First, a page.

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Let's say I'm receiving a file over a socket stream, I am receiving 1024 bytes at a time. Each time I write to the harddisk, my antivirus scans the entire file. The bigger the file gets, the longer it takes to write the next 1024 bytes. Not to mention the "file is in use by another process" errors.

My workaround at the moment is to just store the bytes in a byte array in the memory, up to X megabytes (user defined), the byte array is appended to the file on the harddisk every time it fills up.

byte[] filebytearray = new byte[filesize]; //Store entire file in this byte array.

    serverStream = clientSocket.GetStream();
    bytesRead = serverStream.Read(inStream, 0, buffSize); //How many bytes did we just read from the stream?
    recstrbytes = new byte[bytesRead]; //Final byte array this loop
    Array.Copy(inStream, recstrbytes, bytesRead); //Copy from inStream to the final byte array this loop
    Array.Copy(recstrbytes, 0, filebytearray, received, bytesRead); //Copy the data from the final byte array this loop to filebytearray

    received += recstrbytes.Length; //Increment bytes received

}while (received < filesize);

addToBinary(filebytearray, @"C:\test\test.exe"); //Append filebytearray to binary

(In this simplified example it just stores the entire file in memory before unloading it to hdd)

But I absolutely hate this method because it significantly increases the memory my program uses.

How do other programmers tackle this issue? When I download with firefox, as an example, it just downloads with full speed, my AV doesn't seem to pick it up until it's done, and it barely increases the process' memory usage. What's the big secret here?

Append to binary function I am using (WIP):

private bool addToBinary(byte[] msg, string filepath)
    Console.WriteLine("Appending "+msg.Length+" bytes of data.");

    bool succ = false;

            using (Stream fileStream = new FileStream(filepath, FileMode.Append, FileAccess.Write, FileShare.None))
                fileStream.Write(msg, 0, msg.Length);
            succ = true;
        catch (IOException ex) { /*Console.WriteLine("Write Exception (addToBinary) : " + ex.Message);*/ }
        catch (Exception ex) { Console.WriteLine("Some Exception occured (addToBinary) : " + ex.Message); return false; }
    } while (!succ);
    return true;
share|improve this question
Chrome at least doesn't call the target file "text.exe" - it calls it "test.exe.crdownload" until it's done, then it renames it to .exe. Are you actually closing and reopening the file between blocks?? I can't imagine an AV program would scan a partially-written file. Which one is it? –  Rup Jun 28 '12 at 16:13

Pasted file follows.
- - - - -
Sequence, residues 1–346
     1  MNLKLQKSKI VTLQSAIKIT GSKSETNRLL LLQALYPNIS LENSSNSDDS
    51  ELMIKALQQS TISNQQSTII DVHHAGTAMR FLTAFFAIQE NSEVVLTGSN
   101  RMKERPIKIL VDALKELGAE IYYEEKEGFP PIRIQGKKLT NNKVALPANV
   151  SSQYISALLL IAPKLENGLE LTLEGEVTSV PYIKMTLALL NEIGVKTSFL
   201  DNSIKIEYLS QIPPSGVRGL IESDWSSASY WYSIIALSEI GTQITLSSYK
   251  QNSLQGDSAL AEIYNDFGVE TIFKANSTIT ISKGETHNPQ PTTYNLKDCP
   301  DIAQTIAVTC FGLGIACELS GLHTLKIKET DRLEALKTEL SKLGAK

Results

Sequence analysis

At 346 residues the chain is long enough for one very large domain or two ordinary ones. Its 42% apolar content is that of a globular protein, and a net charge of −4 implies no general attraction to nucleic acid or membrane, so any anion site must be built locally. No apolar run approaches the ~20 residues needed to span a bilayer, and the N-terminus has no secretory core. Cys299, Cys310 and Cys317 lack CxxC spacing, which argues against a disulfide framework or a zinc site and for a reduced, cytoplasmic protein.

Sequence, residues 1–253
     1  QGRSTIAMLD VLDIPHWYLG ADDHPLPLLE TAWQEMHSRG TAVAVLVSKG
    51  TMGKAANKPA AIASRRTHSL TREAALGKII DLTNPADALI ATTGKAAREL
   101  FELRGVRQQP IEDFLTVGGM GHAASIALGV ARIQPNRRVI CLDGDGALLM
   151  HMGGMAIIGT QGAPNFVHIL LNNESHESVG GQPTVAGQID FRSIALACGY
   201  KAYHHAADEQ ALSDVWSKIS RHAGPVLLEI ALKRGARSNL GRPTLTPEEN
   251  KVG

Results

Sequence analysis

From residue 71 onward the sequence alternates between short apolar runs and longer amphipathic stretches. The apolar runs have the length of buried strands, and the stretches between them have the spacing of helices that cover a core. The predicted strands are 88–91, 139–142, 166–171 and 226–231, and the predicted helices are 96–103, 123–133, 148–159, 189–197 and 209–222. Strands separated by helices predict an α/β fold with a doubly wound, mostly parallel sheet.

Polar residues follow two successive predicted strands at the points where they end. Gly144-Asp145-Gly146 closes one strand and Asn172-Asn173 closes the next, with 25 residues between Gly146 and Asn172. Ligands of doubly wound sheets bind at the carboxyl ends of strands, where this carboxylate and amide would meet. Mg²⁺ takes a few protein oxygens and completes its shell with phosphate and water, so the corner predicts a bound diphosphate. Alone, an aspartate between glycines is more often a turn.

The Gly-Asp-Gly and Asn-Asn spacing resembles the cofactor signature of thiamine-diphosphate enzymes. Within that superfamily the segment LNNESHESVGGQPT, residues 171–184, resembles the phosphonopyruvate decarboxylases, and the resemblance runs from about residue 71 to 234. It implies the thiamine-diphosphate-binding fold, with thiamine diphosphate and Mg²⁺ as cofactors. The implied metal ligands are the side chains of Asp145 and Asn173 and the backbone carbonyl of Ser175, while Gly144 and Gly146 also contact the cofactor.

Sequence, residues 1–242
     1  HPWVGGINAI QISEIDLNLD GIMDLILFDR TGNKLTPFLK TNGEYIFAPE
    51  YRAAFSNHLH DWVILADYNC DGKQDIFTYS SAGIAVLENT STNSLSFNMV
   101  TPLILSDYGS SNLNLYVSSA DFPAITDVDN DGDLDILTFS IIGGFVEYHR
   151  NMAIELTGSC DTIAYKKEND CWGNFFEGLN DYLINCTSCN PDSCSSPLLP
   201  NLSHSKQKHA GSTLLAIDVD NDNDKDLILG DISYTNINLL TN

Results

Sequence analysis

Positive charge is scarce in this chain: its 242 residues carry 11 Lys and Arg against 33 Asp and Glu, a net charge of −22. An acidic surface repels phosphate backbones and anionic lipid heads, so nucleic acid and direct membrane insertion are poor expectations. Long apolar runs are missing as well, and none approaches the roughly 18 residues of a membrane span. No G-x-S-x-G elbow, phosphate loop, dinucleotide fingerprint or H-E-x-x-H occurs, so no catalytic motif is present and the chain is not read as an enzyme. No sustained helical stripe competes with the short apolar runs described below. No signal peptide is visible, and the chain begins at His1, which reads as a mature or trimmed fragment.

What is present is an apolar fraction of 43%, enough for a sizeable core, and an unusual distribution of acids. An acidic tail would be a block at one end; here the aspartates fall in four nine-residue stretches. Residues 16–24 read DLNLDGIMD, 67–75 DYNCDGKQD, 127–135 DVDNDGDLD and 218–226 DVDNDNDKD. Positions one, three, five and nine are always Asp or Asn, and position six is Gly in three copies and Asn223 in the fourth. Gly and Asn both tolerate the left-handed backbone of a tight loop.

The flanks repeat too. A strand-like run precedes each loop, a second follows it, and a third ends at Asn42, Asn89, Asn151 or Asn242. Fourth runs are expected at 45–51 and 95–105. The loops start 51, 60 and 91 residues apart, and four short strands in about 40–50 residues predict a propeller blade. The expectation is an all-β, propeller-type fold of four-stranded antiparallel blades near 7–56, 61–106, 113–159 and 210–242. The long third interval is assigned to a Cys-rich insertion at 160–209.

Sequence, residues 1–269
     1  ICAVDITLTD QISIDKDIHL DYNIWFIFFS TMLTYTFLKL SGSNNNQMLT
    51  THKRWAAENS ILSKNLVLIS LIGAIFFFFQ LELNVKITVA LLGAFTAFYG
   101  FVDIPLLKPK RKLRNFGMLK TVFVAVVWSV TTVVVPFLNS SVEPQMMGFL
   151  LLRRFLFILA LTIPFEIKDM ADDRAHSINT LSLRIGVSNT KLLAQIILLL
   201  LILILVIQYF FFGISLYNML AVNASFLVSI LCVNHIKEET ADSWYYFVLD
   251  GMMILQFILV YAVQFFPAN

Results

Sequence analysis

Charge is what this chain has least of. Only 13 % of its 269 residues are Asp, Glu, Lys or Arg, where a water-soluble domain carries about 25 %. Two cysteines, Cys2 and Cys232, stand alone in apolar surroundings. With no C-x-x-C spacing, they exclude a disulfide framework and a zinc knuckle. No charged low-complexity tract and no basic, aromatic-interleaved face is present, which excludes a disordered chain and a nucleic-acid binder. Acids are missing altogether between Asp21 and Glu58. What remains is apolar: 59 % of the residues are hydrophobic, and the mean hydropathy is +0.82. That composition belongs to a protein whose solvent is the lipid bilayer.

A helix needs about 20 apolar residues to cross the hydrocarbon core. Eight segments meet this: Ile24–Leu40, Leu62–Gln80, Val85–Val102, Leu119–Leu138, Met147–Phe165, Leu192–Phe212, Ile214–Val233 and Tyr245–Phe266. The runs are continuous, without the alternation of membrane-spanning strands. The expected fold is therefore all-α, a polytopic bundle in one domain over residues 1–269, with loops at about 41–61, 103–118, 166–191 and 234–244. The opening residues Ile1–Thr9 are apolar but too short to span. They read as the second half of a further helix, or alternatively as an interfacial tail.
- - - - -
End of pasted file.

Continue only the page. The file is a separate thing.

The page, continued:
exe's definitely take longer to scan than other files, but they still take some time.. I was hoping for something better (if it exists). I am using Panda Cloud Antivirus. And you are right, it closes and re- opens the file every block.. maybe that's the issue! –  natli Jun 28 '12 at 16:14
You can configure some anti-virus programs to ignore files or directories. In Symantec Endpoint Protection I can do this under Centralized Exceptions. Maybe something like this would help? –  Marnee Jun 28 '12 at 16:15
@Marnee I have no control over the AV settings of people using my program. So unfortunately, no ;) –  natli Jun 28 '12 at 16:15
@Steve Again, it is not my AV I am worried out, it's the AV of the future users of the application(s). I have no control over those. –  natli Jun 28 '12 at 16:17

3 Answers 3

up vote 3 down vote accepted

I see that you reopen the file every time you write data. Why not keep the file stream opened? Every time you close it, the antivirus scans it, because it was modified.

And one suggestion, the WriteLine function works like printf in c++, so... Instead of doing:

Console.WriteLine("Appending "+msg.Length+" bytes of data.");

you could do:

Console.WriteLine("Appending {0} bytes of data.", msg.Length);

This could really save your time sometimes.

share|improve this answer

First, you can use a memory stream. Second, you have to write to disk some times, just do it in the background so user won't notice.

Make a concurrent queue of memory stream, and create a handler that will try to empty the queue.

share|improve this answer

You could add exclusions to your antivirus to stop it interfering. If you want the data to be scanned, then download it to an excluded folder and then move it to a folder (that will be scanned) when the file is complete.

Other approaches would be to buffer the data so you are not writing in tiny 1k increments, and hold the file open until you have finished writing.

share|improve this answer
I cannot believe people keep recommending this :P I have no control over the antivirus settings of potential users of my software, meaning this is not a solution. Also your 'other approach' (buffering) is exactly what I wanted to avoid, as I explained. Thanks for taking time to answer, though! –  natli Jun 28 '12 at 19:18
Then follow my other suggestion and keep the file open. Don't blame me if you don't like the only viable solutions, I'm just trying to help you by suggesting possible options that you can pick from. –  Jason Williams Jun 28 '12 at 20:30

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